Gaming has been enjoying a rapidly increasing acceptance for years. As the popularity of the new form of entertainment grew, so did the market. By surpassing the music and movie industries by a considerable margin, the gaming sector is considered one of, if not the most profitable entertainment industry, projected to generate near $260 billion in revenue by 2025.
In part one of this article, we had a look at what drove the massive growth in gaming and the new possibilities NFT technologies create for the industry. In Part two, we’ll explore what defines a well-designed and sustainable game economy.
The Importance of Game Economy Design
No matter the platform, a successful game needs to have attractive traits and defining characteristics to capture the attention of potential players. There is no set formula when it comes to game design. Some will captivate the player with an exciting story, and others will heavily emphasise the visual charm or auditory style. However, the most important of all is gameplay. Gameplay defines the way your players are able to interact with the game. It covers the general rules defining what the player can do in the game, the goals and milestones for players to reach, in addition to the overall experience that is being curated by designers.
Game economy design is a subset of these gameplay elements, and there are two primary purposes for focusing on it. Its primary function is to mediate players’ time and effort in the game with tangible rewards and progress.
Game economies are like real economies where labour and material are inputs, and goods & services are outputs. Players put in the time and derive things like experience, currency, and loot, which drive player satisfaction.
Traditional Game Economy Design
- Microeconomy: Game Balance
Microeconomic design refers to the feature-level progression of players through the game’s core loops. It can refer to how players obtain the various resources necessary to advance through the specific challenges and the pinch points laid out by the game’s design. For traditional games, this can cover things like monetisation and the utility of the various forms of soft and hard currency within the game.
2. Macroeconomics: Taps and Sinks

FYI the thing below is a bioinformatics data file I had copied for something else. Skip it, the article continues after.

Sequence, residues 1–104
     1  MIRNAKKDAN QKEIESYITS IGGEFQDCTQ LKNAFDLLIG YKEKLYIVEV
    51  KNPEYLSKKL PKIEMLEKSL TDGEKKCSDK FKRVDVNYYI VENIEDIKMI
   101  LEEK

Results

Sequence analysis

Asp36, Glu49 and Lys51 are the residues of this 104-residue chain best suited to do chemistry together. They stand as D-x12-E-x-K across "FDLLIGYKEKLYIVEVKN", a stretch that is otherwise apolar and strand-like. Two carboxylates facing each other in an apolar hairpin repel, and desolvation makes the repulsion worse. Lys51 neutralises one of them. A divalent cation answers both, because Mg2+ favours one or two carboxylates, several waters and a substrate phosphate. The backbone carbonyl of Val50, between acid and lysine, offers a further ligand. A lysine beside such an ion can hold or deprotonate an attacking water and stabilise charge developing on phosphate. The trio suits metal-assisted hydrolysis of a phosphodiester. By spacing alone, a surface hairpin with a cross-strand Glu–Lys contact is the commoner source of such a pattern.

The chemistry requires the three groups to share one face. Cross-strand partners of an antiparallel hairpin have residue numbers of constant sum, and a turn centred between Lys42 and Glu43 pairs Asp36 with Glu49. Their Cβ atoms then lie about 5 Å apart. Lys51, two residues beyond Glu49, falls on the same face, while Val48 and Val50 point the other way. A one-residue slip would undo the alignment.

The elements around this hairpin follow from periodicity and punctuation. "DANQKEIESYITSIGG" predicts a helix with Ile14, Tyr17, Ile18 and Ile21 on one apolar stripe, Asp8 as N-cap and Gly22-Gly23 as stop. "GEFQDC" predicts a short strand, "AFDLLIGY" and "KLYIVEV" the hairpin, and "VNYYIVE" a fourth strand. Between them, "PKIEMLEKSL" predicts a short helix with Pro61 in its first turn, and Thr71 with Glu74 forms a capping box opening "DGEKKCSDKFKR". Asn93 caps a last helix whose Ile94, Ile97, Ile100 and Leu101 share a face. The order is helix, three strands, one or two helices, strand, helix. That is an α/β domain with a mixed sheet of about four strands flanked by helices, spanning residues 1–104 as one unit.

Taps and sinks define the allocation of in-game resources and how the player can spend them. Taps are the activities and actions the player can do to receive a reward, like dungeons, combat, or puzzles. Sinks are the various ways those resources or currency can be used or spent.
A staple in modern game design — LiveOps ensures high player retention rates. By continuously updating and adding new content to the game, it is possible to extend its shelf life vastly. Developers can promote player acquisition and retention by introducing new events, exclusive content, and interesting features.
4. Analytics and Metrics
Staying updated with the in-game state is essential. Anti-bot systems and preventative measures such as swift bug fixes must be employed to prevent exploits. Interacting with the community can prove helpful in determining potential future events and changes for the game. Lastly, monitoring the inflation rate and using appropriate techniques to sustain appropriate levels is vital for sustainability and stability.
Building a Sustainable Virtual Economy.
Unlike traditional games, blockchain games require a more sophisticated in-game economic system. In a game where players are free to trade with other players then, the economy design is also concerned with the level of utilisation and circulating supply of the game’s assets amongst the game’s players. In addition to this, economy designers also need to be concerned with things like stability (volatility imposes direct and indirect costs to players), inequality (players don’t like the rich getting richer), and growth (players want to see opportunities expanding). Due to the digital assets in blockchain games having permanence, these things gain importance in the game’s design, but they also add constraints.
1. Deflationary Sinks